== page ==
Public Notes

Recent Activity

  • Todd shared from I Got Schooled: The Unlikely Story of How a Moonlighting Movie Maker Learned the Five Keys to Closing America’s Education Gap by M. Night Shyamalan
    If America’s scores were limited to those from schools in districts in which the poverty rate was less than 10 percent—Finland’s poverty rate is less than 4 percent—the United States would lead the world, and it wouldn’t be close: 551 on the latest PISA test, compared to Finland’s 536, or South Korea’s 539. In fact, if all you did was exclude the American schools that have student bodies that are more than three-quarters poor, U.S. schools would still score 513, just behind Australia, but ahead of the Netherlands, Belgium, Sweden, Germany, Iceland . . . well, you get the picture.
    Note: interesting education statistics
  • Todd shared from The Signal and the Noise: Why So Many Predictions Fail-but Some Don't by Nate Silver
    Tetlock found that some had done better than others. On the losing side were those experts whose predictions were cited most frequently in the media. The more interviews that an expert had done with the press, Tetlock found, the worse his predictions tended to be. Another subgroup of experts had
    Note: nate silver on tv experts
  • Todd shared from David and Goliath: Underdogs, Misfits, and the Art of Battling Giants by Malcolm Gladwell
    In four countries—Australia, Hong Kong, Scotland, and the United States—our identification strategy leads to extremely imprecise estimates that do not allow for any confident assertion about class-size effects. In two countries—Greece and Iceland—there seem to be nontrivial beneficial effects of reduced class sizes. France is the only country where there seem to be noteworthy differences between mathematics and science teaching: While there is a statistically significant and sizable class-size effect in mathematics, a class-size effect of comparable magnitude can be ruled out in science....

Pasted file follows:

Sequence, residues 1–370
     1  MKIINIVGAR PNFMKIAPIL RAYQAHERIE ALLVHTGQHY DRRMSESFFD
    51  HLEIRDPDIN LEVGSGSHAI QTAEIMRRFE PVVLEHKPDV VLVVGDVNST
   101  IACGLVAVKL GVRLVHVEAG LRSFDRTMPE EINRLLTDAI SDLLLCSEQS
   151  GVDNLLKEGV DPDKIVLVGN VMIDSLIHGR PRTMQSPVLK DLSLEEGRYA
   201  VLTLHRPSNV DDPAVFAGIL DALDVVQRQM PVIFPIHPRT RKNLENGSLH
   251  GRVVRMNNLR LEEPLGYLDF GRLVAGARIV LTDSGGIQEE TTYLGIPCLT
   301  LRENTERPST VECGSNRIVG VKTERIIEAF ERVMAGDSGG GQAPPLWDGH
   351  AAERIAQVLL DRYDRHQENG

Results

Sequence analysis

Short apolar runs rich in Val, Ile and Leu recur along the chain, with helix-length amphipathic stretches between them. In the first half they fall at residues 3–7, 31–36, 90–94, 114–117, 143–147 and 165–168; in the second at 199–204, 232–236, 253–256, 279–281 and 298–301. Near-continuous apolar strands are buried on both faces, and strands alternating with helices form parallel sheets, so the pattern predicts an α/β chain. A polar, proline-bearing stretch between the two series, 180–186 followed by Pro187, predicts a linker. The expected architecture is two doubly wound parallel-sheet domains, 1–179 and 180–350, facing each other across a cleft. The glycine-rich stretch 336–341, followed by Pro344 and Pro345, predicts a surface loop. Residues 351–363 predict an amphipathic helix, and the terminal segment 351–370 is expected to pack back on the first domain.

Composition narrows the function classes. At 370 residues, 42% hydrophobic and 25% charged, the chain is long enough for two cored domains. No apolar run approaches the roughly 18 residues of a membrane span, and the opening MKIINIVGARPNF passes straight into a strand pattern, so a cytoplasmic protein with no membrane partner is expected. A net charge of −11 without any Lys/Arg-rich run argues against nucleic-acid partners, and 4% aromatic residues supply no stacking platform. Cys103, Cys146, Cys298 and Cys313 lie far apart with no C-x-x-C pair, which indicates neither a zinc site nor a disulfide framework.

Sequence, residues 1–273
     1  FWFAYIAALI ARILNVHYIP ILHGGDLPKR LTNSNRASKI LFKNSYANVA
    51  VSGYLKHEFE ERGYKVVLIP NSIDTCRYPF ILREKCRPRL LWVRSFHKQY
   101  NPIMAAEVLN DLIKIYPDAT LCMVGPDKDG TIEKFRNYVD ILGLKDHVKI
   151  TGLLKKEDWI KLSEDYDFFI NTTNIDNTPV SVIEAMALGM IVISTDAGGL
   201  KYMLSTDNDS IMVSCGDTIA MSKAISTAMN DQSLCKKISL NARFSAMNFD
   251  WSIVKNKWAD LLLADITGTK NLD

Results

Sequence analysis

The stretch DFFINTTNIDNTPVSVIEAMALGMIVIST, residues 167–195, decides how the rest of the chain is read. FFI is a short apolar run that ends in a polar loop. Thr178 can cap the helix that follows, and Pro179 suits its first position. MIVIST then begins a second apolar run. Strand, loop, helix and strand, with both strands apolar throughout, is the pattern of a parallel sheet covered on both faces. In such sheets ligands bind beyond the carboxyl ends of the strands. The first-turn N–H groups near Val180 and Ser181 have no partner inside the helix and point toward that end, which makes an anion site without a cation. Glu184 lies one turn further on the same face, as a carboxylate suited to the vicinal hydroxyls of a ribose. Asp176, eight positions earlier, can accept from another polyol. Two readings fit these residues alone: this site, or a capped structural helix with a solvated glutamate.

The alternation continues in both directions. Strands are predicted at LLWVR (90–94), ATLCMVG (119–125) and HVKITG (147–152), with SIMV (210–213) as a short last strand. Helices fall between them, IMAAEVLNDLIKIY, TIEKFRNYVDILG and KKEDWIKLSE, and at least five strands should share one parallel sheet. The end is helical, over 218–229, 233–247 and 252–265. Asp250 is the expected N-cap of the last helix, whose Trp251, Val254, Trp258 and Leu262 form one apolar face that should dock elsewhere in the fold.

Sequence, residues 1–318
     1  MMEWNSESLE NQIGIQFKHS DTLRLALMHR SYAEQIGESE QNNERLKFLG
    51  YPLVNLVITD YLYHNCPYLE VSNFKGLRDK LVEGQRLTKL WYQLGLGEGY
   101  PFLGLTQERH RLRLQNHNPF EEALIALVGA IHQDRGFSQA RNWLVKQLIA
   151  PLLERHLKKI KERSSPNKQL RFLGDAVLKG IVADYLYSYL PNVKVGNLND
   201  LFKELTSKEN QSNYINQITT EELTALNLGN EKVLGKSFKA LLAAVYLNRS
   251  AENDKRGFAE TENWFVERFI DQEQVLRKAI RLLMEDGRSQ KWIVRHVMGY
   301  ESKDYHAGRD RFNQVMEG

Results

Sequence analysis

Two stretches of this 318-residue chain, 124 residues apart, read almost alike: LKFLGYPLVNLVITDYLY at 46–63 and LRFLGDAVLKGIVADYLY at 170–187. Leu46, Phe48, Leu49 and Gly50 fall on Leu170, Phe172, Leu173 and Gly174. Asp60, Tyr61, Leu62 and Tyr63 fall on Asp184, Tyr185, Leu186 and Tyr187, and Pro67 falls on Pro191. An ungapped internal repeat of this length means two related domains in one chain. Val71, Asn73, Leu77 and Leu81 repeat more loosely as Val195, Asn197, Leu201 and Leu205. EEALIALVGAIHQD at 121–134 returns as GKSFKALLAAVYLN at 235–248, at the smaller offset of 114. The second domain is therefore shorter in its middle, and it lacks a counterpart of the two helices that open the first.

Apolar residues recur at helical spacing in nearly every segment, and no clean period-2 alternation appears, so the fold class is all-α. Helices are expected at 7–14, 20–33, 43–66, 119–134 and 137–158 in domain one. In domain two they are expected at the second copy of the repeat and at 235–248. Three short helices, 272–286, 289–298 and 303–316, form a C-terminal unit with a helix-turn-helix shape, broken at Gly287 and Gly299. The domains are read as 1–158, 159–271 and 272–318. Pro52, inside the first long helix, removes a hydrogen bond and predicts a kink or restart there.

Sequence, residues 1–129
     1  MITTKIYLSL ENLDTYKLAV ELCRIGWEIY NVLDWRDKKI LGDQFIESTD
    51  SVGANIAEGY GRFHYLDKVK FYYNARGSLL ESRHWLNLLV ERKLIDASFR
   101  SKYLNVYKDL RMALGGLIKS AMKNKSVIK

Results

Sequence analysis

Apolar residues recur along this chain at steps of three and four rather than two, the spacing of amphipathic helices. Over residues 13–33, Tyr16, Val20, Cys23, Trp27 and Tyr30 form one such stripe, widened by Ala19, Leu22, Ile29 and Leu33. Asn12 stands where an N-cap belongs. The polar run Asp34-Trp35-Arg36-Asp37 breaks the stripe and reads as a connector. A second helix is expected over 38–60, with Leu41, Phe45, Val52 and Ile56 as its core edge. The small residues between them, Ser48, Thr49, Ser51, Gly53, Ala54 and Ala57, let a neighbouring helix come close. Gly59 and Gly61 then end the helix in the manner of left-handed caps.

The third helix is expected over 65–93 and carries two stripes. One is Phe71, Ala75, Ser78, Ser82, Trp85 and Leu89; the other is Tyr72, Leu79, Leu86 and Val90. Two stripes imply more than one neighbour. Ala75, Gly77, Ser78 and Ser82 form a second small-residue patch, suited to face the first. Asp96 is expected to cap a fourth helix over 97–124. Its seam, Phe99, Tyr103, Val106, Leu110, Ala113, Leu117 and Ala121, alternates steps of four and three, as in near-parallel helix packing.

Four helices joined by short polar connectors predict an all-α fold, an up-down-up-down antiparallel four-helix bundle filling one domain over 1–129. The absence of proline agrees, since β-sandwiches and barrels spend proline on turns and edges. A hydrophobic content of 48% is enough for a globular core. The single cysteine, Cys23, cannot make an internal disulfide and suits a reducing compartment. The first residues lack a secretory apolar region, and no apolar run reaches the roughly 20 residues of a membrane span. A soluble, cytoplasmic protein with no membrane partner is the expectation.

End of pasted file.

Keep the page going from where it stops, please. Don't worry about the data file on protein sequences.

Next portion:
Note: class size an its effect on learning
  • Todd shared from David and Goliath: Underdogs, Misfits, and the Art of Battling Giants by Malcolm Gladwell
    The first is that much of what we consider valuable in our world arises out of these kinds of lopsided conflicts, because the act of facing overwhelming odds produces greatness and beauty. And second, that we consistently get these kinds of conflicts wrong. We misread them. We misinterpret them. Giants are not what we think they are. The same qualities that appear to give them strength are often the sources of great weakness.
    Note: david v goliath
  • Todd shared from The Sports Gene: Inside the Science of Extraordinary Athletic Performance by David Epstein
    When Finch subsequently visited Alex Rodriguez, the reigning MVP, Rodriguez watched over Finch’s shoulder as she threw warm-up pitches to one of his team’s catchers. The catcher missed three of the first five throws. Seeing that, Rodriguez, to Finch’s disappointment, simply refused to step into the batter’s box. He leaned forward and told her: “No one’s going to make a fool out of me.”
    Note: Arod chickens out vs Finch